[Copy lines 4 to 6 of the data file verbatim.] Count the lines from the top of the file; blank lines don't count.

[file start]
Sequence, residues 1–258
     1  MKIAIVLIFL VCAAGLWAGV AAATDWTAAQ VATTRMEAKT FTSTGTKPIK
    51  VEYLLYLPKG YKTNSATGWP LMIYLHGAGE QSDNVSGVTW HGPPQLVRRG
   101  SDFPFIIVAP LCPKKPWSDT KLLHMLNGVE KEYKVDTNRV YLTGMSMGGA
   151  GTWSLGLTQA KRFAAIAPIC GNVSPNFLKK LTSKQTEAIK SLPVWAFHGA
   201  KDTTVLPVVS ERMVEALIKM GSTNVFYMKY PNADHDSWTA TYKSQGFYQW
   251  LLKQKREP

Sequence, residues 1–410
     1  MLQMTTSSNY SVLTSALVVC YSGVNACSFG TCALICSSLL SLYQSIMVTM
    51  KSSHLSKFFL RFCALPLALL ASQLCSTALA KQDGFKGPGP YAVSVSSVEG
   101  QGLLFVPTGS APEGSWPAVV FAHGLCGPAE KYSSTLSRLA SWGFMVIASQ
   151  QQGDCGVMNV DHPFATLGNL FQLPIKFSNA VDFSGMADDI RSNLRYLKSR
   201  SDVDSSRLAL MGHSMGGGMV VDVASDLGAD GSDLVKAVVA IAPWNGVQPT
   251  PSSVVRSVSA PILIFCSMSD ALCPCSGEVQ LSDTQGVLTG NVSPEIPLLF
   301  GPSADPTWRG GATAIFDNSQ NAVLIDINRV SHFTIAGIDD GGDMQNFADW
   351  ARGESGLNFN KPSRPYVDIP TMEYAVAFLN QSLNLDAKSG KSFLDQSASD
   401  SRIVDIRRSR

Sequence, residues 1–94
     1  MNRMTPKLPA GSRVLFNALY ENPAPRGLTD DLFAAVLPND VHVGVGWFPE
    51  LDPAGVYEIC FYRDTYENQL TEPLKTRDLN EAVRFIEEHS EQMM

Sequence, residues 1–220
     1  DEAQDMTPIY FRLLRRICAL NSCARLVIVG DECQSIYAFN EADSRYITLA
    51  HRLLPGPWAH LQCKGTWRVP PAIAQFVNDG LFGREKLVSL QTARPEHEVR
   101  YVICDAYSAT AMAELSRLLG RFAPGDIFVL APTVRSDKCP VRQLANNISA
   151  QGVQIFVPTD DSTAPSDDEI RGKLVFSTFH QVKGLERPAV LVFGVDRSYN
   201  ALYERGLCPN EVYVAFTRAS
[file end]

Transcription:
   101  SDFPFIIVAP LCPKKPWSDT KLLHMLNGVE KEYKVDTNRV YLTGMSMGGA
   151  GTWSLGLTQA KRFAAIAPIC GNVSPNFLKK LTSKQTEAIK SLPVWAFHGA
   201  KDTTVLPVVS ERMVEALIKM GSTNVFYMKY PNADHDSWTA TYKSQGFYQW